Last year, I got only two small roles and, having had a notable change in my speech due to the necessity of having two teeth removed in November of 2008, I figured it perhaps best that I be relegated to small character parts.
At this year’s convention, however, there were four shows…and I was given major roles in three of them, all of which were to be done on Saturday! First rehearsal was at 10 AM, second at 11. First show was at 1:00 and second at 1:30. Third rehearsal was at 3:30 for the Saturday evening performance.
I was onstage for the first rehearsal when Bob Hastings came walking in. He saw me and said, “Well, there’s Jughead so everything’s going to be just fine.”
In a lost DUFFY’S TAVERN script painstakingly transcribed and adapted by the sadly absent Derek Tague, I had, after two decades, finally graduated from waiter to manager as I played Archie, the lead role. In my best Bugs Bunny accent, I led the cast through a tale of Archie’s greedy attempt at hoodwinking a society dame by faking a phony pedigree. I haven’t seen the video yet but Bree got the first half before her battery died and she said everyone loved the performance!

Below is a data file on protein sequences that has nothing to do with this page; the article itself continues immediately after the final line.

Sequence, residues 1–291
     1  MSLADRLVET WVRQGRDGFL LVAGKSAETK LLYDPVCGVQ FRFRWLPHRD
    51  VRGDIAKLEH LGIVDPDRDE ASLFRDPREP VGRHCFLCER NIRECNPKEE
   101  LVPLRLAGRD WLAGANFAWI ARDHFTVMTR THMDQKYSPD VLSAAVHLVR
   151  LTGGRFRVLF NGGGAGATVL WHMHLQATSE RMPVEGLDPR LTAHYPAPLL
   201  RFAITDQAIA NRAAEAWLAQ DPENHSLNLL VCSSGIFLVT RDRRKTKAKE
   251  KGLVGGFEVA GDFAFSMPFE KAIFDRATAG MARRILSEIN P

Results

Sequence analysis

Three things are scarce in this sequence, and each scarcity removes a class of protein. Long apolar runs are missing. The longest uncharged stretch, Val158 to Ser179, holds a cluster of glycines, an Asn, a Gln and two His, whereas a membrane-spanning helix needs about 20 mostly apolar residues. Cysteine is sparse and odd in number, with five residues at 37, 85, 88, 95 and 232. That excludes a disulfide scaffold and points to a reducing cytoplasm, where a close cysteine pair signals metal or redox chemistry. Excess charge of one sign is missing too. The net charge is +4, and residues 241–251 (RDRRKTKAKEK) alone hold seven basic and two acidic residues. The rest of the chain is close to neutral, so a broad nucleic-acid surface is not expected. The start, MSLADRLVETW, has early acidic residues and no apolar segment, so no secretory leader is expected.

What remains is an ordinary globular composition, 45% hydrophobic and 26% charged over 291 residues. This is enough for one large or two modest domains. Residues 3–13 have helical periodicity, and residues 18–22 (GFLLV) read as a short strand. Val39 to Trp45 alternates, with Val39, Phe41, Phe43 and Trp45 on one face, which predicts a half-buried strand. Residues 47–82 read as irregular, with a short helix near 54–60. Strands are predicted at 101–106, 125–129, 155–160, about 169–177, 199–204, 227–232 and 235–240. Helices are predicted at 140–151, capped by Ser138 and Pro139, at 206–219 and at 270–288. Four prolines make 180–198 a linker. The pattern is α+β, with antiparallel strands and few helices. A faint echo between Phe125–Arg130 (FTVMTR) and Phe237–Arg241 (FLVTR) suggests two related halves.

Next came GUNSMOKE with Bob as an outlaw and Rosemary (I REMEMBER MAMA) Rice as Miss Kitty. I was Doc. When I tried to imitate the original voice actor, Howard McNear, I couldn’t seem to avoid drifting into Floyd the Barber from THE ANDY GRIFFITH SHOW, one of his other great creations. This was made worse by the fact that there were barber jokes in the script! So I did it as more a grumpy old, DeForrest Kelly type. “Dammit, Chester, I’m a doctor not a barber!” Director Ramlow said he really liked the voice.